YouTube tonight will test a new streaming video service, developed in partnership with Howcast, Next New Networks, Rocketboom and Young Hollywood.
While stressing in its corporate blog that this is only a test, the prospect of providing viewers with live streaming video, and giving them the opportunity to comment and interact with one another as the programming unfolds, could usher in a new era in television content development.
Imagine knowing what viewers were thinking about plot lines, characters, scripts, music, etc. as stories are unfolding? What could this mean for programs such as Lost or The Event (which many speculate could become the next Lost), Mad Men or daily soap operas (who’ve seen their audiences in decline).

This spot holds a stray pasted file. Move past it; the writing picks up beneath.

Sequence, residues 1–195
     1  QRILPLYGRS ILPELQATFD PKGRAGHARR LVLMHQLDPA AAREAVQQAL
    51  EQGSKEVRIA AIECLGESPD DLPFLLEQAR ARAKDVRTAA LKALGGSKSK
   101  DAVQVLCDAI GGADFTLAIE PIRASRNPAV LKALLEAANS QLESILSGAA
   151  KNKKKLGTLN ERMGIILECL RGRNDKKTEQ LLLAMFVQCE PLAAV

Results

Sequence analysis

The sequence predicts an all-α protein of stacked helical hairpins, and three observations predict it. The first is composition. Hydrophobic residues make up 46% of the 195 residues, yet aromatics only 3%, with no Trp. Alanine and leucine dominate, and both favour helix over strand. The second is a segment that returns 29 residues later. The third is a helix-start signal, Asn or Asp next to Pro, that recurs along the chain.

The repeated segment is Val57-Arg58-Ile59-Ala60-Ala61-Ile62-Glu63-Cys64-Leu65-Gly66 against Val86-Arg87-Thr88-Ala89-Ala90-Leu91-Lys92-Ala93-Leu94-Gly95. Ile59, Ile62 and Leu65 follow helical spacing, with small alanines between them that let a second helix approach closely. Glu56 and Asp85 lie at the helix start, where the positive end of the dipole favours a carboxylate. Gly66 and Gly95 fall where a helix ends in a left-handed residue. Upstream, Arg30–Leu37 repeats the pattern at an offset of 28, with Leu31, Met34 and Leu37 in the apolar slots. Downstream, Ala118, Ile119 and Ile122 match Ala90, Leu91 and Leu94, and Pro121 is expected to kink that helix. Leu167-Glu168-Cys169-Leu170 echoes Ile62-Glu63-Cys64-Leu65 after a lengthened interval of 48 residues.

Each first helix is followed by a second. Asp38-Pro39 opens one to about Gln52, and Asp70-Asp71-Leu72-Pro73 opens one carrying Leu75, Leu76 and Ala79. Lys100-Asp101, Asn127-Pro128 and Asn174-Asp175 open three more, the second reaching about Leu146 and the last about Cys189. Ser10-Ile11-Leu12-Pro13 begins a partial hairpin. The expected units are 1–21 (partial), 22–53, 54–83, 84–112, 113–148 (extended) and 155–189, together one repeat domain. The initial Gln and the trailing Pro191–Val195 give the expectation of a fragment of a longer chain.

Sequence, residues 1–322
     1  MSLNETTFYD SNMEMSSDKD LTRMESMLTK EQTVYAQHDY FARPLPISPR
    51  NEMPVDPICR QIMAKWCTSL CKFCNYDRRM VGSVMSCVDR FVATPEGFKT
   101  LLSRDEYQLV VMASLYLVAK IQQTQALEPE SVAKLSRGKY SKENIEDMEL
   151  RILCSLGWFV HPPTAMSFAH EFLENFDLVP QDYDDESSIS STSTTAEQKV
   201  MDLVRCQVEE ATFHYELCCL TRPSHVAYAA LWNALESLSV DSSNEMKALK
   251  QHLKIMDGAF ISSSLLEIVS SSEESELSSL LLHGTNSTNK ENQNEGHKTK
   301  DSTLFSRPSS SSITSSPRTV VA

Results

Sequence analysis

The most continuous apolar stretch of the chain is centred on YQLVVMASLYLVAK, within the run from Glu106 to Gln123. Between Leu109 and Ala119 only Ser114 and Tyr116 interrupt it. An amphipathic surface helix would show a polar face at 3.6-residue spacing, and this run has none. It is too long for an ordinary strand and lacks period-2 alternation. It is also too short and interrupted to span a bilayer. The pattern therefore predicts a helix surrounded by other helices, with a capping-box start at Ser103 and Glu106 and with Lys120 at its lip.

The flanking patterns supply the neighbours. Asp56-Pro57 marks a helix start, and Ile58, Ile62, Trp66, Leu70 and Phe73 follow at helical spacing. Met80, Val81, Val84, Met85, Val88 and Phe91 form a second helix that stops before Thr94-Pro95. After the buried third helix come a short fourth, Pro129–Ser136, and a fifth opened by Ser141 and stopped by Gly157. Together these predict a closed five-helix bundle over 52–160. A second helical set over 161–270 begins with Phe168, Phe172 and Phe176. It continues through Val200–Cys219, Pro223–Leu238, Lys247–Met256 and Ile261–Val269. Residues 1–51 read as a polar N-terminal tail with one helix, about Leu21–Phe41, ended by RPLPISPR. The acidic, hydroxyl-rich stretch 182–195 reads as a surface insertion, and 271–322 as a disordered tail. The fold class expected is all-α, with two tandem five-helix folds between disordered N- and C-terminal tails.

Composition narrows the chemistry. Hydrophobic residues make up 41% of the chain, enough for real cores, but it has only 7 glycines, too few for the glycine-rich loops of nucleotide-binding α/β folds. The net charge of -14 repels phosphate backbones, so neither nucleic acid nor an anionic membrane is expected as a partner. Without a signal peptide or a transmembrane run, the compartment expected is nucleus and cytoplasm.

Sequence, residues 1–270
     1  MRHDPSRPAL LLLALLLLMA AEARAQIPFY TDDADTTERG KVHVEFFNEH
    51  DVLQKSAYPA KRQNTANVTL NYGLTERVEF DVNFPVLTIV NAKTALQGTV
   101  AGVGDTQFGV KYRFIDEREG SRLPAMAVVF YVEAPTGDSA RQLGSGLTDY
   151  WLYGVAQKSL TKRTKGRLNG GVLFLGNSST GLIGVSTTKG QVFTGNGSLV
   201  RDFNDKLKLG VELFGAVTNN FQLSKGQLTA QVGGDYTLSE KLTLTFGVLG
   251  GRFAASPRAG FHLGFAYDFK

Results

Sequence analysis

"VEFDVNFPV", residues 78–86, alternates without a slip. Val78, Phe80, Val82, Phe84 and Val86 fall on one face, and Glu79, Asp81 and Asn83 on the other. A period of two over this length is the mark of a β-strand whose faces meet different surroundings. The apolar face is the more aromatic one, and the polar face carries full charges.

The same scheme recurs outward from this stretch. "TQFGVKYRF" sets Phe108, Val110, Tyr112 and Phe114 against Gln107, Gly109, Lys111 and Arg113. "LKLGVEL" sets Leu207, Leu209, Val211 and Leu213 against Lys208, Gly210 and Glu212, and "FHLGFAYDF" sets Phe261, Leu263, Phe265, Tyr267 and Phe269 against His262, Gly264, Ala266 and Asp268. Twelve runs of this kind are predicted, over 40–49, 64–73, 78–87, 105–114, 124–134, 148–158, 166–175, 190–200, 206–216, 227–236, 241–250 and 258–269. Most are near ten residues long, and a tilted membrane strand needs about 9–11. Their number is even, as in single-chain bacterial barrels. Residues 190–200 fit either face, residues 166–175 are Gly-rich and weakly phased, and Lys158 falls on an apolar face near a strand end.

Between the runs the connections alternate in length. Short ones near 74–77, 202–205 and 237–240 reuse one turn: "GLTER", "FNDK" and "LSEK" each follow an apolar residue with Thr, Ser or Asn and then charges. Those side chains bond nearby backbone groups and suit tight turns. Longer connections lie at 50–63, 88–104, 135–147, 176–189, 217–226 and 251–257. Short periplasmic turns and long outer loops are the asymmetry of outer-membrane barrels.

For PR firms and our clients, it could offer a new way to deliver news conferences, particularly in times of crisis. All one needs in order to tap the new YouTube service is a YouTube account and a web cam (or a camera hooked to a computer via fire wire).
Imagine being able to deliver a live response and to direct the public directly to one’s YouTube channel, where a member of the marketing team could monitor and/or interact with the public as the event is unfolding?
Could something like this service work in favor of the BPs of the world the next time disaster strikes?
I’m hoping that tonight’s test is a huge success and I look forward to putting streaming video to work for my clients in the near future.